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Essential Liverpool FPL Stats | Attacking Numbers
When reflecting on Liverpool’s 2020/21 season, I notice that I have a lot of criticism for Liverpool still in my head.
The truth is, while there was much to criticise, they adapted. They could’ve had an easier time of things with some better finishing and a less injury-stricken defence.
The radar graph shows us how Liverpool were level with Man City in most attacking statistical categories.
The big difference was in defence and in finishing. On reflection, it feels like Liverpool’s finishing last season was atrocious. The expected stats, however, tell a different story. Liverpool scored 68 goals last season with an xG of 68.36.
They performed in line with their expected stats with an xG Delta of only -0.36 and an xGA (expected goals allowed) Delta of -1.63 over the course of last season.
For Liverpool to challenge for the top spot, they must improve on their finishing. Namely, finishing whilst under pressure. They generated slightly more shots in the box than City last season, but Liverpool only scored 59 goals from inside the box compared to Man City’s 72.
This was the Sadio Mane (£12.0m) efficiency and the Mohamed Salah (£12.5m) indecisiveness we remember from last season.
These factors led to Liverpool players taking away 6.8 xG when getting their shots on target. A reminder that this calculation is made by subtracting xG (68.36) from xGoT (expected goals on target – 61.56).
Most of Liverpool’s chances are created through the centre of the field (190) compared to the left (125) or the right (140). Diogo Jota (£7.5m) has indeed enjoyed tremendous success in this area, as has Roberto Firmino (£9.0m) in their most recent pre-season friendly. He scored a brace in that game.
Many of these chances in the centre of the field come from an exorbitant number of crosses. Liverpool attempted 862 crosses last season, which is 174 more than the average of 688.
Unfortunately, they could not connect with their crosses. They had the 4th lowest cross completion (19.8%). Liverpool are likely to continue to look for headed opportunities, and the return of Virgil van Dijk (£6.5m) could help them improve on their cross percentage.
I see them maintaining or building on their 2nd most headed shots (101) and joint-most headed goals (15) from last season.
Liverpool will have to be more careful in possession as only Fulham and Crystal Palace were dispossessed more times.
Essential Liverpool FPL Stats | Defensive Numbers
Defensively, Liverpool have a lot of work to do. Even before van Dijk and Joe Gomez (£5.0m) were lost to injury last season, Liverpool were struggling with basic defensive concepts.
The play below begins with a positional catastrophe – not the only one in that game. Notice how both Alexander-Arnold and Andy Robertson (£7.0m) are behind the central defenders.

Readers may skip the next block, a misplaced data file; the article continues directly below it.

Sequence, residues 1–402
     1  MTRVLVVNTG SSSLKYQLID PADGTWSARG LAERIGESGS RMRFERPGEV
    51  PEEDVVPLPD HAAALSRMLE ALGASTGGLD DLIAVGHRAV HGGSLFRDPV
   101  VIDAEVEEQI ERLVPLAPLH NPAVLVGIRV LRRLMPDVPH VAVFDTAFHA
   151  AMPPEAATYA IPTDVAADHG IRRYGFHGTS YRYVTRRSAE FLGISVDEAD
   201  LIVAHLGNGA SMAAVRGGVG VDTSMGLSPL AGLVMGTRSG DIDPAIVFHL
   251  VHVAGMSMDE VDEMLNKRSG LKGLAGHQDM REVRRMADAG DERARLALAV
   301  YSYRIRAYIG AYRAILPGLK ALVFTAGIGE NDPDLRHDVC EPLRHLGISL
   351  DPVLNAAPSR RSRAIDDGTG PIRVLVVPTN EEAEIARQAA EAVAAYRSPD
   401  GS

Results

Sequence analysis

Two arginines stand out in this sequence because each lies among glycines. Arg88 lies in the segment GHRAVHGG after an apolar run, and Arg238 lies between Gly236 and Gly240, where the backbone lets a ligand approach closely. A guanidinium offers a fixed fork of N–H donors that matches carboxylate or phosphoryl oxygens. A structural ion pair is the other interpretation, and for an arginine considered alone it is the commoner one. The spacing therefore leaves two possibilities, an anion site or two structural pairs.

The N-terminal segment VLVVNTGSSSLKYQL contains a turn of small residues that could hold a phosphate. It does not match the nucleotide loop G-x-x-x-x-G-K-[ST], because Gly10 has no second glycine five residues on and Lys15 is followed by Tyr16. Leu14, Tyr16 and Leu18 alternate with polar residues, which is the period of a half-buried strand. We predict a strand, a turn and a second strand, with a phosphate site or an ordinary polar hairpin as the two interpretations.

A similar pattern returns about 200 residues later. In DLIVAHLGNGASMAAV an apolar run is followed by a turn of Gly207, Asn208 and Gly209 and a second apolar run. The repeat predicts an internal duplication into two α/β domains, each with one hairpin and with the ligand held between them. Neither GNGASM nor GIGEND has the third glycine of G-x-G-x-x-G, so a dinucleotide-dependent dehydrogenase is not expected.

The ball is already in the air and rather than playing a U, the Liverpool defence is playing an N. This is a tactical error, and a basic one at that. These mistakes are fundamental and systemic.
We remember Leeds’ second goal because of the confusing blunder by Virgil Van Dijk, and rest assured we will get to that. That blunder also comes as a result of bad positioning: this time by Gomez. Note in the image below where Gomez is located, and where Liverpool would love to have a teammate.
The third goal begins with an out of position van Dijk. Noticing a pattern? He should be where the check is so that he can recognise runs into the box and meet them.
Also of note are Fabinho (£5.5m) and Mateusz Klich (£5.5m). This is the moment where Klich begins to make his run past Jones…
In Image 4, we see how much ground Klich has covered compared to Fabinho. Fabinho has shut down mentally. Also look at the impact van Dijk being out of position.
While these issues keep my expectations for Liverpool defence low, they’re not as low as a £4.0m price-tag. Konstantinos Tsimikas (£4.0m) presents an opportunity with upside as he has shown with his recent assists in pre-season.
The result of these fundamental issues, compounded by injuries and players playing out of position, saw Liverpool concede the 4th most big chances (81).
Teams that like to attack more from their right side could benefit from the introduction of Tsimikas into a team that conceded 89 more crosses from the left than the right. Much will be asked of him, and this is probably why there will be constant chatter about James Milner (£5.0m) taking over that spot at some point.
Lastly, I thought it important to note that Liverpool conceded the 2nd fewest headed shots last season (66). This could decrease more with the return of their talismanic centre-back.
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